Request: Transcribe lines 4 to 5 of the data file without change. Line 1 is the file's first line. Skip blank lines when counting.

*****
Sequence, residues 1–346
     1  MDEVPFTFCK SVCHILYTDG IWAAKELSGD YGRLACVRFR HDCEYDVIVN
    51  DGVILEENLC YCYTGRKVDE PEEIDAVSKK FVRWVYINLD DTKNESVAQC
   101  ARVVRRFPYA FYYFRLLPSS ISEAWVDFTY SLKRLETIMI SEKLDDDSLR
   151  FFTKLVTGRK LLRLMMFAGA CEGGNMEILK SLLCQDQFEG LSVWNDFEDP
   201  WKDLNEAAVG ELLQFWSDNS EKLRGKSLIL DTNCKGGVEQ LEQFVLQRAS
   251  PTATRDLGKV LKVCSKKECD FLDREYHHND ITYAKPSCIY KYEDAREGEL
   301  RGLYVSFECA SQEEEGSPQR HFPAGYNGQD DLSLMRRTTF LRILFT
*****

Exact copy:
   101  ARVVRRFPYA FYYFRLLPSS ISEAWVDFTY SLKRLETIMI SEKLDDDSLR
   151  FFTKLVTGRK LLRLMMFAGA CEGGNMEILK SLLCQDQFEG LSVWNDFEDP